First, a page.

The French Coach is to the London Olympics as Jan is to Make It or Break It
Well, I got to thinking. What would have happened in London had the new Gymnastics Bible been in place? Would it have prevented the Uchimura fiasco from taking place? According to the new rules regarding inquiries, did the Japanese coaches take too long to submit their paperwork? Let's take a look.
Would the inquiry have been rejected because of timing?
My memory of the Olympics is pretty spotty. I'm not sure if it is because of my sleep-deprived stupor or the large amounts of caffeine I consumed during the Games or the Chinese takeout I ate almost every night while I watched NBC's broadcast. (Contrary to what the freshmen 15 will tell you, Kung Pao chicken is not good brain food.)
At any rate, the details are kind of hazy. I just remember the inquiry process taking a long time. But was it because of the Japanese coaches or the judges? Hmm...
Well, let's take a look at the old rules first. Here are a few of the key rules regarding inquiries:
- Inquiries for the D scores are allowed, provided that they are made verbally by the coach to the D1 Judge immediately after the publication of the score or at the very latest before the end of the exercise of the following gymnast.
- Every inquiry must be confirmed in writing within a few minutes and requires an agreement of payment of USD 300.— for the first complaint; USD 500.— for the second complaint and USD 1’000...
"Immediately" and a "few minutes" are rather vague terms, so the technical committee made more specific rules for the 2013-16 quad:
- Inquiries for the difficulty scores are allowed, provided that they are made verbally and immediately after the publication of the score or at the very latest before the end of the exercise of the following gymnast or group. For the last gymnast or group of a rotation, this limit is one minute after the score is shown on the score board. The person designated to receive the verbal inquiry has to note the time of receiving it which will start the procedure.
- The inquiry must be confirmed as soon as possible in writing, but within 4 minutes, at the latest, after the verbal inquiry and requires an agreement payment of: - USD 300 for the first complaint, USD 500 for the second complaint and USD 1’000 for the third complaint.
Should the inquiry not be confirmed in writing within 4 minutes, the procedure becomes obsolete.
Kohei was the last gymnast in his group, so, had the new rules been in place, his coach would have had 1 minute to issue a verbal inquiry and another 4 minutes to file a written inquiry. Unfortunately, I could not find video footage of the verbal inquiry, but here's what I did find:
Here's Kohei imitating a blowfish after he sees his score.
About a minute and a half later, the coach already has the paperwork and money in hand, so I'm guessing that the initial verbal inquiry was made 1 minute after the score was flashed and that the paperwork was handed off less than 4 minutes later.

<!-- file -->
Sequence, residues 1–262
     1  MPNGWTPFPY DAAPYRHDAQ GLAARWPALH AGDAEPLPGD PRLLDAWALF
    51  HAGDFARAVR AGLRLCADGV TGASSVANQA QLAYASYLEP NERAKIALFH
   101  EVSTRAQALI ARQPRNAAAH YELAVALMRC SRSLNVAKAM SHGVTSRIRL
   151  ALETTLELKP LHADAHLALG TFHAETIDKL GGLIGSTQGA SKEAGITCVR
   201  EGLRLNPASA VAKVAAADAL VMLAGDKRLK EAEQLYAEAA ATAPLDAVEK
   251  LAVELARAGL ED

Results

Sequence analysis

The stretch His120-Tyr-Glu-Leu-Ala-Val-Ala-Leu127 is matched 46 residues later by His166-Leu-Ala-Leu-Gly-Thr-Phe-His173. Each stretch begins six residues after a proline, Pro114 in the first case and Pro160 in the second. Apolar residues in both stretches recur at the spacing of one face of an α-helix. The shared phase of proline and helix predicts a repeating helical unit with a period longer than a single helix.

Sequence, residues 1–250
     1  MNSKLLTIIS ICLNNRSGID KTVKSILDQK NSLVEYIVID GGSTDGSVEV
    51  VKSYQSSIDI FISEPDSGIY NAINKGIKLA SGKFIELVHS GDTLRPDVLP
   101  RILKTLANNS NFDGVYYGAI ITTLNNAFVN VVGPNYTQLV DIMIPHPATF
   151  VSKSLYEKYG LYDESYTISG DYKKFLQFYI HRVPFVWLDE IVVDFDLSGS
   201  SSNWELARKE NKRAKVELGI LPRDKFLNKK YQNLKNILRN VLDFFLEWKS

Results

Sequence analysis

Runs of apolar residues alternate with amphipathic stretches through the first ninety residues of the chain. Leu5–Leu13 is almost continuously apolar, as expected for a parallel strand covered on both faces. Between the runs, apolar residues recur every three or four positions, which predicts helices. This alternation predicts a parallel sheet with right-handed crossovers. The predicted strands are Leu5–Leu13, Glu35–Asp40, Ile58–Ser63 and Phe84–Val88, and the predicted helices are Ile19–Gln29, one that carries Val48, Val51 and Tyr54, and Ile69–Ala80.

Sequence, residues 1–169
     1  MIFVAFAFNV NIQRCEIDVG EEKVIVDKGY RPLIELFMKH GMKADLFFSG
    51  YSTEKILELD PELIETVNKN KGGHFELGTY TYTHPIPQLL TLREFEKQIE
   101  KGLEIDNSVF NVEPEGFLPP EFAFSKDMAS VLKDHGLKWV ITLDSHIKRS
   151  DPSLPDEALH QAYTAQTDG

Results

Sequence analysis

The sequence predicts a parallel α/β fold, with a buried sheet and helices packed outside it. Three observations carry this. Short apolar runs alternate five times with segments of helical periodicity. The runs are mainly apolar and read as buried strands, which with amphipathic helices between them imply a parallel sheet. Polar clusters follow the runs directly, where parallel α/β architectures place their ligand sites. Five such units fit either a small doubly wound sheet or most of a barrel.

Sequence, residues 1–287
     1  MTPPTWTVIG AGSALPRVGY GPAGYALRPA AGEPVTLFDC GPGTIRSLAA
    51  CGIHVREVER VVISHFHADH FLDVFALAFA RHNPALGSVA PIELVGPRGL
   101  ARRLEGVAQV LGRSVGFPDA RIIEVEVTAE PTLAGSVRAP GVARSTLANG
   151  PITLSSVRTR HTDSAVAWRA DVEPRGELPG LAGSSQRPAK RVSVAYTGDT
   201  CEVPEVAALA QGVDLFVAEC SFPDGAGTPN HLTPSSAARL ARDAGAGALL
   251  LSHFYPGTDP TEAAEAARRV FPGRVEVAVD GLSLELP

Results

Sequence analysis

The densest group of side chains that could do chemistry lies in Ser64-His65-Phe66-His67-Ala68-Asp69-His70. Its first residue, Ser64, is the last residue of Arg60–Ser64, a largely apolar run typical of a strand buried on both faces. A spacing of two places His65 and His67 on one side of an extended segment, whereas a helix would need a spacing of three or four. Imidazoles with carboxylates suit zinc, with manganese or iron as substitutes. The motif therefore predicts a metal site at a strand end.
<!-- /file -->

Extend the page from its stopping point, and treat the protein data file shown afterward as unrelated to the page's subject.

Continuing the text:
So, would the new Gymnastics Bible have stopped the Uchimura fiasco from unfolding?
Is there anything in the new code about how long the Superior Jury can take to evaluate a routine?
Not really, and the Superior Jury took quite some time in London. I took the above screenshots using NBC's pommel horse feed, which cuts out halfway through the inquiry process. So, let's switch over to the main feed and take a look at the time stamps.
Here's Blowfish Kohei again:
To give you a frame of reference, Aly Raisman's inquiry during beam finals took roughly 5 minutes. That's from the time her first score was posted until the time her score was changed.
To be fair, since the Japanese coaches took a few minutes to file the paperwork, the Superior Jury did not have 13 minutes to evaluate the routine. (Nor did the Superior Jury take 5 minutes to assess Aly's routine.) I'm guessing that the assessment of Kohei's routine took more like 10 minutes.
I'm sorry, but 10 minutes is pretty ridiculous. Did one of the judges need to take a potty break? Did they decide to make each other friendship bracelets? Were they marveling at the French coach's hair in the background?
At any rate, neither the old code nor the new code sets a time limit for the judges. Don't believe me? Here are the rules...
The old one:
- The final decision (which may not be appealed) must be taken at the very latest:
- at the end of the rotation for the Qualifying Competitions (C I), the All-Around Competitions (C II) and the Team Competition (CIV), (exceptions see below)
- before the score of the following gymnast is shown for the Apparatus Finals (C-III), the last rotation of the Team finals (C-IV) and the All-Around finals (C-II).
The new one:
- Every inquiry must be examined by the Superior Jury and the final decision (which may not be appealed) must be taken at the very latest:
- at the end of the rotation (or group) for the qualifying competitions, the all-around competitions and the team competition (final).
- before the score of the following gymnast or group is shown for the finals.
I get it. You don't want the judges to feel rushed, and some cases might take more time than others. So, setting a time limit might not be a good idea... Yadda yadda yadda.
But if it takes you 10 minutes to evaluate a pommel horse routine, specifically whether someone hit a handstand, you either are working inefficiently, or there's something wrong with the rules governing handstands. That's just my humble opinion.
In unrelated news, there's a new gymnastics podcast in town. You can check it out at Gymcastic.com. Our first guest was Tim Daggett!
For the record: Every panel member hates the sound of his/her voice, and we were super duper nervous. I mean, it's TIM DAGGETT we're interviewing! But the podcast should get better with time. At least, that's what we tell ourselves. :)